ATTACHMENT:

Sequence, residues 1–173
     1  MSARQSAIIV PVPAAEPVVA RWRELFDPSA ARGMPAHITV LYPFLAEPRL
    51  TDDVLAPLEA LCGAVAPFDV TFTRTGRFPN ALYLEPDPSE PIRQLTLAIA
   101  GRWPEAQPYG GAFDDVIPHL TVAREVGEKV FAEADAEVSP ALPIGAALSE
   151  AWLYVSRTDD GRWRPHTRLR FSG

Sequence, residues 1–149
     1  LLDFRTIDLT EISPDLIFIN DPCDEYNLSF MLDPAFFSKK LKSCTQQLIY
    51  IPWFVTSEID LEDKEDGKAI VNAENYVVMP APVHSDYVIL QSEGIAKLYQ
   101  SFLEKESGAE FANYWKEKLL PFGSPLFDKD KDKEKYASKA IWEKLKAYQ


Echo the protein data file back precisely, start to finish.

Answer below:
Sequence, residues 1–173
     1  MSARQSAIIV PVPAAEPVVA RWRELFDPSA ARGMPAHITV LYPFLAEPRL
    51  TDDVLAPLEA LCGAVAPFDV TFTRTGRFPN ALYLEPDPSE PIRQLTLAIA
   101  GRWPEAQPYG GAFDDVIPHL TVAREVGEKV FAEADAEVSP ALPIGAALSE
   151  AWLYVSRTDD GRWRPHTRLR FSG

Sequence, residues 1–149
     1  LLDFRTIDLT EISPDLIFIN DPCDEYNLSF MLDPAFFSKK LKSCTQQLIY
    51  IPWFVTSEID LEDKEDGKAI VNAENYVVMP APVHSDYVIL QSEGIAKLYQ
   101  SFLEKESGAE FANYWKEKLL PFGSPLFDKD KDKEKYASKA IWEKLKAYQ